It began with opera, rolled on through the beat of tom-toms from high up in the stands and ended in despair for the raucous 15,000 spectators packing every seat at the Omnipalais as their hero, Gael Monfils, double faulted on match point to hand an exhausted and very relieved Novak Djokovic his first ATP Masters 1000 Series title of the year with a dramatic 6-2, 5-7, 7-6 (3) victory.
The triumph for Djokovic was sweet indeed, because he had been in the finals of four previous 1000 Series events during the year — Miami, Monte Carlo, Rome and Cincinnati — and lost them all. For a few moments, the possibility of losing a fifth became very real as the indefatigable Frenchman bounced back from a break down in that third set — just as he had in the second — to take the match into a deciding tiebreaker.
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And it was there that the difference showed. Djokovic had been forced into all manner of errors in the previous hour as his inventive opponent teased him with a variety of returns, including some cleverly angled drop shots. But when it came to crunch time, the Serb refused to be induced into any kind of mistake.
As another long rally of 20 strokes or more developed, it was Monfils who put a forehand long to give Djokovic the mini-break and a 4-2 lead. On the eighth point, it was the same story — Monfils erring on the forehand after the ball had crossed the net 25 times. The double fault on the first match point at 6-3 was cruel, but on balance, Djokovic deserved this triumph, which takes him into the ATP World Tour Finals in London next week on a roll, having won back-to-back titles here and in Basel.
When he led by a set and 3-0 in the second, the occasion threatened to turn into an anti-climax after the rousing opening that had featured a troupe of singers performing excerpts from Carmen. But Monfils makes his own music and proved himself a fighter of inspirational proportions here this week, giving the tournament a huge lift by becoming the second Frenchman in two years to reach the final. Last year, Jo-Wilfried Tsonga went on to win and the French Federation had built on that success to such good effect that overall attendance has increased by 15,000 to reach a record total of 130,000.
No one will feel he did not get his money’s worth at the end of this 2-hour, 43-minute battle that was played amid the kind of frenzied atmosphere that Monfils not only loves, but also helps promote. He demands support from his fans, and they give it to him willingly by waving French flags, clapping to the beat of the tom-tom and sweeping the stadium with Mexican waves at changeovers.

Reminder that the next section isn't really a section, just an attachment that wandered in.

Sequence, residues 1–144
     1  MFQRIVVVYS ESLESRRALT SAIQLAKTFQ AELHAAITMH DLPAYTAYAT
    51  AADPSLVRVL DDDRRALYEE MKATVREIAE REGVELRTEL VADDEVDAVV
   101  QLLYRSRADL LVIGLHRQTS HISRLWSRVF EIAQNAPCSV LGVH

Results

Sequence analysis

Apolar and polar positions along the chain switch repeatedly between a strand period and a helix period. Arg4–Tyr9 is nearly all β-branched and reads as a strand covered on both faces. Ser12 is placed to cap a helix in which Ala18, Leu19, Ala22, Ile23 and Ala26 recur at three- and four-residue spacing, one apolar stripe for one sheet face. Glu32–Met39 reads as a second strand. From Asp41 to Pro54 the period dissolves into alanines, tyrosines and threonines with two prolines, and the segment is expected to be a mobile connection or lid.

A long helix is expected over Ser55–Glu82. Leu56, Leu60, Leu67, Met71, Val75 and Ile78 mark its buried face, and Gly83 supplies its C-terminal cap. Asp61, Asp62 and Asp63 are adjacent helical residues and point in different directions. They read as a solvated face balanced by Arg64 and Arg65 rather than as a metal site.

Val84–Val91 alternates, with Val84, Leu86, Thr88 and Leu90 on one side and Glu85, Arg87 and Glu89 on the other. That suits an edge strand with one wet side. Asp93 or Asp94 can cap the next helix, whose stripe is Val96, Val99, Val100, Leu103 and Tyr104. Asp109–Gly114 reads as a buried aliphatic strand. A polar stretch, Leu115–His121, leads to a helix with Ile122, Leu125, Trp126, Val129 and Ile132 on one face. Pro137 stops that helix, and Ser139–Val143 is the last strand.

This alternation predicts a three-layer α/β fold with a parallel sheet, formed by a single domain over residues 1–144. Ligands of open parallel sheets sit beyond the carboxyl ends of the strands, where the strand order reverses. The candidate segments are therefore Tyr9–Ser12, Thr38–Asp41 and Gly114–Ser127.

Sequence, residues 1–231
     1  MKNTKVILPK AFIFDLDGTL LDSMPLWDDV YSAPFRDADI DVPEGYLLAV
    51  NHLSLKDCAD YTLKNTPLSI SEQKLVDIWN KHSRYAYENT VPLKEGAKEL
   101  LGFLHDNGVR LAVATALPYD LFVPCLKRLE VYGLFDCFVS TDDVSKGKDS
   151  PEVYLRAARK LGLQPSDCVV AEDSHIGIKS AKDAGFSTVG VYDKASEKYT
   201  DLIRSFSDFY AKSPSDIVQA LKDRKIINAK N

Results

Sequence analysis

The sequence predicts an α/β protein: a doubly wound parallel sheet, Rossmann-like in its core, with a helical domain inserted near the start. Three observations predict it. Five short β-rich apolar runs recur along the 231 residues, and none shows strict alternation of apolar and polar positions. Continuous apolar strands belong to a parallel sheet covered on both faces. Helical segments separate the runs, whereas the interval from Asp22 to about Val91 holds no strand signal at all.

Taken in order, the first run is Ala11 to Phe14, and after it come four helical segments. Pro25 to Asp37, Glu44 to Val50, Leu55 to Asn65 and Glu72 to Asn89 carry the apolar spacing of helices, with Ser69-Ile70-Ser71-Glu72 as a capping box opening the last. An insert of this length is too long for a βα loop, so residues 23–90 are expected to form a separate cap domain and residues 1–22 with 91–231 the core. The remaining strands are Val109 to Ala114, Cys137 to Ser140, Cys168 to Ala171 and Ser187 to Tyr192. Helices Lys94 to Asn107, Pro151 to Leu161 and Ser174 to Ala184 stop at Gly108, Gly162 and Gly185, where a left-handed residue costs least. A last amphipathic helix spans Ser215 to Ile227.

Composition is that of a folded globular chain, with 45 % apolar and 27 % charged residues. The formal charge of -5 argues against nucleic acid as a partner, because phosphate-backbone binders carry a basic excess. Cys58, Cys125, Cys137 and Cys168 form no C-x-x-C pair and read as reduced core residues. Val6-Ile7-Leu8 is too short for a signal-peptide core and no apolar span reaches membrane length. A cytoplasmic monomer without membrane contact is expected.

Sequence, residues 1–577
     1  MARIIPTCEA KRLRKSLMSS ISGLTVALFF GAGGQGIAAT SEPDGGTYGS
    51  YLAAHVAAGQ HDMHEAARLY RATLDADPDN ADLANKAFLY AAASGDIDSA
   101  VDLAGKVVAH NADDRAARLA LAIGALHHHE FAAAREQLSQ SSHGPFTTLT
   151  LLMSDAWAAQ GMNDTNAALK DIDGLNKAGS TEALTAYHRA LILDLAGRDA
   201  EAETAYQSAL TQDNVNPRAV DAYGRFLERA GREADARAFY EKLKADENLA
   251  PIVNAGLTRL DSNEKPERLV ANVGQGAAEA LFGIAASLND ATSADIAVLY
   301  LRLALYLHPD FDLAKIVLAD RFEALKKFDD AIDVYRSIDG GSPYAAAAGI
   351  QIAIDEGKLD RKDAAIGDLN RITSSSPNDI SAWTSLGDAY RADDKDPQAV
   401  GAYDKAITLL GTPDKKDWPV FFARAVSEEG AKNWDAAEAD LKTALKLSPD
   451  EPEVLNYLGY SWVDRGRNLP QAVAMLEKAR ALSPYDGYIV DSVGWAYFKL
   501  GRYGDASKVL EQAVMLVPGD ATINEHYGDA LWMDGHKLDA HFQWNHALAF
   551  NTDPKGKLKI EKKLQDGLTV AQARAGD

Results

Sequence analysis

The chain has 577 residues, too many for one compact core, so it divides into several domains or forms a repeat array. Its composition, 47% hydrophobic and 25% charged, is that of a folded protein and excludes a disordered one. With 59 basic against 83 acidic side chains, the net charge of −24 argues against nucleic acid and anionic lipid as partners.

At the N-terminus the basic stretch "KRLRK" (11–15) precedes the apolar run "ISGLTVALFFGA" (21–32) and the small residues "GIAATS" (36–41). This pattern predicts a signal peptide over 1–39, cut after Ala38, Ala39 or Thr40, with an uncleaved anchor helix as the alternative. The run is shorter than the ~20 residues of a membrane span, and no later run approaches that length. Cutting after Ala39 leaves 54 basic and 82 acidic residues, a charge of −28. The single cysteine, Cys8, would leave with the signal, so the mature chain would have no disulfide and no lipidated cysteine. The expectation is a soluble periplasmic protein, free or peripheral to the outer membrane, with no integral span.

Monfils switched on the drama by breaking back for 2-3 in that second set with a lovely drop shot and then, having chased everything in sight during an exhausting game, found himself at break point again at 5-5 when the Serb netted a forehand. Up went the arms, and the response was an ear-splitting roar. Instantly able to refocus, Monfils put in a deep service return and Djokovic netted. After coolly serving out for the set, Monfils rallied yet again at the start of the third from 0-2 and then, after consecutive double faults had cost him another break, from 1-4.
But in the end, the more experienced player came through. Roger Rasheed, Monfils’ Australian coach, had few complaints afterward, knowing how much effort his man had put into a memorable encounter.
“But I was pleased to hear Gael say afterwards that he had been too passive in the tiebreak,” Rasheed said. “That means he understands what he did wrong. He just got tentative on a couple of service returns and Novak just whacked them away. But he’s learning.”
Djokovic did not disguise the pressure he felt as Monfils refused to let him close out the match from such a strong position.
“Of course, I was concerned,” he said. “In the last four 1000 finals I have played this year, I lost, so it was kind of in my head. I was thinking about it and it wasn’t a pleasant feeling, especially when I saw Gael getting into his rhythm. So I was kind of fighting the big pressure from the crowd. I was trying to hold my nerves. In the end of the match I threw all my emotions out and was happy.”
Richard Evans, who commentated at Wimbledon on BBC Radio for 20 years, has been covering tennis since the 1960s and has reported on more than 150 Grand Slams. He is the author of 15 books, including the official history of the Davis Cup and the unofficial history of the modern game in “Open Tennis.” He lives in Florida but is still on the tour 20 weeks in the year.